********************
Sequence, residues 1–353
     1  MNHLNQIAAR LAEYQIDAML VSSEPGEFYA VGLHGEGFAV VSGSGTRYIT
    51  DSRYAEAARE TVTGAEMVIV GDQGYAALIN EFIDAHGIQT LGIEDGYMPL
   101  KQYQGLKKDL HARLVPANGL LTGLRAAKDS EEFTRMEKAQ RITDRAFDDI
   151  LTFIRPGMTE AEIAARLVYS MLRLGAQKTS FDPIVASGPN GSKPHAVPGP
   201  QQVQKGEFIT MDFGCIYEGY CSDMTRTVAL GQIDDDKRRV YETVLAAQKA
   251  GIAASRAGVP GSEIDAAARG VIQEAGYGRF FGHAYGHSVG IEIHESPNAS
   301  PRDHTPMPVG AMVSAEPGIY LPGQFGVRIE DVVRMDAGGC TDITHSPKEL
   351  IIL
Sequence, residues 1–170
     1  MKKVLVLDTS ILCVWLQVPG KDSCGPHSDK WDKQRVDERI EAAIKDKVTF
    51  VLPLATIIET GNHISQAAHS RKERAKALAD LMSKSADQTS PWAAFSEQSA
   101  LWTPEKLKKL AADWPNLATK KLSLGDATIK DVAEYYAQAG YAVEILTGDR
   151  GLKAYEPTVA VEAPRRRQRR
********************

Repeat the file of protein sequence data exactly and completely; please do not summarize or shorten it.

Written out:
Sequence, residues 1–353
     1  MNHLNQIAAR LAEYQIDAML VSSEPGEFYA VGLHGEGFAV VSGSGTRYIT
    51  DSRYAEAARE TVTGAEMVIV GDQGYAALIN EFIDAHGIQT LGIEDGYMPL
   101  KQYQGLKKDL HARLVPANGL LTGLRAAKDS EEFTRMEKAQ RITDRAFDDI
   151  LTFIRPGMTE AEIAARLVYS MLRLGAQKTS FDPIVASGPN GSKPHAVPGP
   201  QQVQKGEFIT MDFGCIYEGY CSDMTRTVAL GQIDDDKRRV YETVLAAQKA
   251  GIAASRAGVP GSEIDAAARG VIQEAGYGRF FGHAYGHSVG IEIHESPNAS
   301  PRDHTPMPVG AMVSAEPGIY LPGQFGVRIE DVVRMDAGGC TDITHSPKEL
   351  IIL
Sequence, residues 1–170
     1  MKKVLVLDTS ILCVWLQVPG KDSCGPHSDK WDKQRVDERI EAAIKDKVTF
    51  VLPLATIIET GNHISQAAHS RKERAKALAD LMSKSADQTS PWAAFSEQSA
   101  LWTPEKLKKL AADWPNLATK KLSLGDATIK DVAEYYAQAG YAVEILTGDR
   151  GLKAYEPTVA VEAPRRRQRR